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A decision of the Commission on ;éenergy will be canceled

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The Energy Commission wanted the cost of gas connections to new homes to be fully charged upfront. (Archive photo)


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The Minister of Energy followed up on Thursday on a decision announced in the fall and presented a bill that reverses a decision regarding the connection of new homes to the natural gas network. This is a step backwards in the eyes of opposition parties and groups who want Ontario to move away from fossil fuels in favor of “greener” options.

The Ontario Energy Board (OEB), an independent regulator, ruled before Christmas that natural gas supplier Enbridge must charge the full cost of connection up front, rather than spread out over a period of 40 years. This approach would increase the price of new homes.

Reversal of this decision will prevent the addition of $4,400, on average, to the price of new homes , or that tens of thousands of dollars are added to the price of a house in rural Ontario, assures the government in a press release.

Once passed, the bill will give the province the power to overturn the Energy Commission's decision, reducing the amortization period to 40 years and to order the regulatory body to hold hearings on any matter of public interest.

The last thing we want to do is intervene, but we are thinking of the interests of the people of Ontario, defended Minister Smith.

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The province has set a goal of having 1.5 million new homes built in 10 years. “The last thing we want is to see the price of new homes go up,” he said.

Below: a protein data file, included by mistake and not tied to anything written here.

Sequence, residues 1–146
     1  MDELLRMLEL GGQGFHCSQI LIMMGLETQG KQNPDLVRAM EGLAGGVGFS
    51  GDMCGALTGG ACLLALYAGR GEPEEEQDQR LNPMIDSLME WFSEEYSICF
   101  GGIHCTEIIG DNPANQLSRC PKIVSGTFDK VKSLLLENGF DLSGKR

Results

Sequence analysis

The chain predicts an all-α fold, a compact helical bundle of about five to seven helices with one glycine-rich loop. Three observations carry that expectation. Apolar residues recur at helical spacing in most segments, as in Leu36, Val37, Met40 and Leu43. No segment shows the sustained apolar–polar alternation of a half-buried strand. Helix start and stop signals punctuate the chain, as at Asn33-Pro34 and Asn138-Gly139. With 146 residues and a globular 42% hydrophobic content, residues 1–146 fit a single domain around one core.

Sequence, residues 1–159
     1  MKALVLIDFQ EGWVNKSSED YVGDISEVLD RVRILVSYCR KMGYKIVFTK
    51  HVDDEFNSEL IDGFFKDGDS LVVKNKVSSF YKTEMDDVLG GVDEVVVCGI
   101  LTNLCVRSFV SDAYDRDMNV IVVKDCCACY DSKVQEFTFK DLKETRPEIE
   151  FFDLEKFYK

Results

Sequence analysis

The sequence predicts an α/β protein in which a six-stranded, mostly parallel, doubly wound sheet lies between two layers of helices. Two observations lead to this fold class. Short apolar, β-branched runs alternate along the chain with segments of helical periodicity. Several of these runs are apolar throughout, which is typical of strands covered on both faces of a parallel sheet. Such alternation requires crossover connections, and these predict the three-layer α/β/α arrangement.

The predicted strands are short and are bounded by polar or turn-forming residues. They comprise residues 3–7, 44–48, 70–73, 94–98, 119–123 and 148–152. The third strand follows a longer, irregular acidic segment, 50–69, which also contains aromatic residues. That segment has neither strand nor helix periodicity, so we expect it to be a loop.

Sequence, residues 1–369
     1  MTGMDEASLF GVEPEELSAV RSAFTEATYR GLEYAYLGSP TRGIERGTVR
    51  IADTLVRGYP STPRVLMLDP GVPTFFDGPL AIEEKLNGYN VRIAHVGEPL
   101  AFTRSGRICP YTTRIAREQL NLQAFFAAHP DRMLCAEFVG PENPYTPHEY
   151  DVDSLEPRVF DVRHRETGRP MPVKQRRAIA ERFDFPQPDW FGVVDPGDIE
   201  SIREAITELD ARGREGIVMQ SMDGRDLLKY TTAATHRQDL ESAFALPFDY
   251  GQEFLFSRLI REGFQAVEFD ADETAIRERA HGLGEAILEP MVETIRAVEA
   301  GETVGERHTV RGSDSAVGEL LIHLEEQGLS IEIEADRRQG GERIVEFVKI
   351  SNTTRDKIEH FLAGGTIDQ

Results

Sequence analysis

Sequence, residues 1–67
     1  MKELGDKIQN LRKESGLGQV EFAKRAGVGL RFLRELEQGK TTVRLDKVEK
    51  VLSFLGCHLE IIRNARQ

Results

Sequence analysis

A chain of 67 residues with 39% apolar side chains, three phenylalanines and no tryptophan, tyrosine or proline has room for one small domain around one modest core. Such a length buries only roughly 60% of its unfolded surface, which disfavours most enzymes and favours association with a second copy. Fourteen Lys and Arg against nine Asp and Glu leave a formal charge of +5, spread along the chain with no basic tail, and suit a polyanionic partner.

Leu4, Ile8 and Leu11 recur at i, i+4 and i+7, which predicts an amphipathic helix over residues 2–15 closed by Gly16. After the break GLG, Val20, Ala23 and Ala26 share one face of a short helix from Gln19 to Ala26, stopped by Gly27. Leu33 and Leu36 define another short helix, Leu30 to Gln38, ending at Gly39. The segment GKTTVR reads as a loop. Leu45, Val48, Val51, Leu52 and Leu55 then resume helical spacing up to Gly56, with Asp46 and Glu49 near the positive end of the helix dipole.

Des Environmental groups believed the commission's decision was a major victory and would have encouraged the use of less polluting heating and cooling equipment, such as heat pumps, which would have benefited consumers.

“We should choose the cleanest and least expensive options for heating and cooling new homes,” wrote Keith Stewart of Greenpeace Canada. And this even if it displeases the Ford government's friends at Enbridge and real estate developers.

The NDP energy critic thinks that The government's decision to intervene in the jurisdiction of the Energy Commission, an independent body, sets a dangerous precedent.

Peter Tabuns also believes that it will have repercussions on consumers, because Enbridge will want to increase its rates to finance its investment projects.

The regulatory body said no, we will not allow you to charge existing customers for the expansion of your network, he recalls. He estimates the impact could reach $300 per subscriber over the next four years.

Green Leader Mike Schreiner believes Enbridge will be the only one to benefit from the government's decision. Greens support the OEB's decision to help Ontarians transition away from fossil fuels and choose cleaner, more economical energy sources.

With information from The Canadian Press

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